Narrative and framing: A test of an integrated message strategy in the exercise context

Jennifer B. Gray, Nancy G. Harrington

Research output: Contribution to journalArticlepeer-review

54 Scopus citations

Abstract

Health communication interventions encouraging exercise may aid in mitigating the obesity crisis in the United States. Although much research has investigated behavioral predictors of exercise, little work has explored message characteristics most persuasive in the exercise context. The purpose of this study, therefore, was to test a message strategy drawing on previous work in health behavior theory combined with persuasion theories (exemplification theory and prospect theory) to encourage positive exercise attitudes, control beliefs, and intentions. The authors report the results of a controlled experiment testing messages using gain or loss frames and narrative or statistical evidence. Results indicate that gain-framed messages are significantly more successful in promoting positive exercise variables and are perceived as more effective than are loss-framed or control messages. The authors discuss the implications of the results for future research.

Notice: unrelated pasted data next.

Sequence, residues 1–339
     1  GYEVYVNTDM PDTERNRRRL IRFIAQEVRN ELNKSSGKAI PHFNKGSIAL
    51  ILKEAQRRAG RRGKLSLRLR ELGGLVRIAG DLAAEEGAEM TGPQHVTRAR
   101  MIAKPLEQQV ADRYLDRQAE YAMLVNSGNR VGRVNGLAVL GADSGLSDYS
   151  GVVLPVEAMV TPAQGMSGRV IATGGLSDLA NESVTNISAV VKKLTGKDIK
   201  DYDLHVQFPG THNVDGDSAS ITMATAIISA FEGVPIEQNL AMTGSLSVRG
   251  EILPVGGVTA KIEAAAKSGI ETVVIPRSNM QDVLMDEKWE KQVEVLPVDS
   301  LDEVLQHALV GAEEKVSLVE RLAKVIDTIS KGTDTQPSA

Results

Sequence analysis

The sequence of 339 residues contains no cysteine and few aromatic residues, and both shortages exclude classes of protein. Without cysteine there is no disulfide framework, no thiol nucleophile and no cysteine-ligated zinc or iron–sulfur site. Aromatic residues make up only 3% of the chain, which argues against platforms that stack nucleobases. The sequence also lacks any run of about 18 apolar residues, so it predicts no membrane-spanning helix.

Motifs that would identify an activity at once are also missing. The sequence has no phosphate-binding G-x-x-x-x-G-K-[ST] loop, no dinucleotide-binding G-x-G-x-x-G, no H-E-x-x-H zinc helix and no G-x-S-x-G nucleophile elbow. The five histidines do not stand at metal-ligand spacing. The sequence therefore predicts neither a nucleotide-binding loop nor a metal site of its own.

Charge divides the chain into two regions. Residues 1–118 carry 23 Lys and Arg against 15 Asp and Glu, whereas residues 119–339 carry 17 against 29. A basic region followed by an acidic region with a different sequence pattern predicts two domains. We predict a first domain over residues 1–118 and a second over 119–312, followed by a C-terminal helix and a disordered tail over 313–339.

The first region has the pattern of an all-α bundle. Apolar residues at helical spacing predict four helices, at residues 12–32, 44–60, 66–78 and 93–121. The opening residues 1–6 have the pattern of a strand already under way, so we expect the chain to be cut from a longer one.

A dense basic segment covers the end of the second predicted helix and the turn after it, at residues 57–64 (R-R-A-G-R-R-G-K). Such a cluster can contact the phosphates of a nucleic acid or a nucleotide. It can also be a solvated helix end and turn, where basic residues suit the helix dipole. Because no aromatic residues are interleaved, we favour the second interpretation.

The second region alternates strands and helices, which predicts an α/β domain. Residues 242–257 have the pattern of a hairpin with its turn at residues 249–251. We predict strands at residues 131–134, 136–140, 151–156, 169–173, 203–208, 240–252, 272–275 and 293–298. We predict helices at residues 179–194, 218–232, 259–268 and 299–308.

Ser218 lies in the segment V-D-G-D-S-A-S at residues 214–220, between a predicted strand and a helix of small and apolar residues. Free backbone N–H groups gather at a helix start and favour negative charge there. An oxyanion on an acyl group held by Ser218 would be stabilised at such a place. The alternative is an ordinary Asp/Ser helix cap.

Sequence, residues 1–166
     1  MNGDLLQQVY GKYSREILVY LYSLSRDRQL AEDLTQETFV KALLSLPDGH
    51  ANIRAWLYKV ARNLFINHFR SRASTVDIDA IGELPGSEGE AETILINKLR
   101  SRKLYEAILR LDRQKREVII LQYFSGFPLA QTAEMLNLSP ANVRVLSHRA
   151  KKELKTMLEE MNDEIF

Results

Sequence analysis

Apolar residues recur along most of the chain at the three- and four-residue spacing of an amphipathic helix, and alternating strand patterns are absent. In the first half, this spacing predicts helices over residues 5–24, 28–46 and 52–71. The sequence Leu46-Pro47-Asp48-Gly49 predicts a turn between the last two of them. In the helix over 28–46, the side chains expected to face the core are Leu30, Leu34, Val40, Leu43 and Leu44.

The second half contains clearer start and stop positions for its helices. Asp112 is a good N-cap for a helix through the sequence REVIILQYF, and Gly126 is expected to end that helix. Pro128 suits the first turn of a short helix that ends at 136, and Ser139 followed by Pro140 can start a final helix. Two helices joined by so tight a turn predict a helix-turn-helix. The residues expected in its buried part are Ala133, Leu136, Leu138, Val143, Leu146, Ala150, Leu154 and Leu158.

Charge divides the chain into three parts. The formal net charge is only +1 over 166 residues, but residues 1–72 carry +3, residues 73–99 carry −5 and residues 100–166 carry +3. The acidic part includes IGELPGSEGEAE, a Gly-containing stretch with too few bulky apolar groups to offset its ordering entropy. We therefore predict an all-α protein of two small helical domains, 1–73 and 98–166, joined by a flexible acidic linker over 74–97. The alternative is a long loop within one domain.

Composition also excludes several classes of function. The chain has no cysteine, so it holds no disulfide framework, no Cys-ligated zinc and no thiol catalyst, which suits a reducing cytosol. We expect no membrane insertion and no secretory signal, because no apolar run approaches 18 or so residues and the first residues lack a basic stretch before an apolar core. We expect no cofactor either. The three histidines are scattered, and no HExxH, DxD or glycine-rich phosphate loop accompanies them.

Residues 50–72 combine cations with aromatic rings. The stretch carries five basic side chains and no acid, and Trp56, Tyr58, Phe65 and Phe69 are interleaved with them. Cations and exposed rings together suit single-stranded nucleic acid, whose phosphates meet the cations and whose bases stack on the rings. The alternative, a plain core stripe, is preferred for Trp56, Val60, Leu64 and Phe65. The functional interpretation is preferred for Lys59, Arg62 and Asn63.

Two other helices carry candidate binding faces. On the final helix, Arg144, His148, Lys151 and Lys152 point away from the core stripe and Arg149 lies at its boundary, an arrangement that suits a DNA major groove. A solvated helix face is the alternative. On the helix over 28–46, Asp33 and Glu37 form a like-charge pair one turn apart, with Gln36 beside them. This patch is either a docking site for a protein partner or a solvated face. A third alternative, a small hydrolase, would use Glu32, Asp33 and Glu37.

Original languageEnglish
Pages (from-to)264-281
Number of pages18
JournalJournal of Health Communication
Volume16
Issue number3
DOIs
StatePublished - Mar 2011

ASJC Scopus subject areas

  • Health(social science)
  • Communication
  • Public Health, Environmental and Occupational Health
  • Library and Information Sciences

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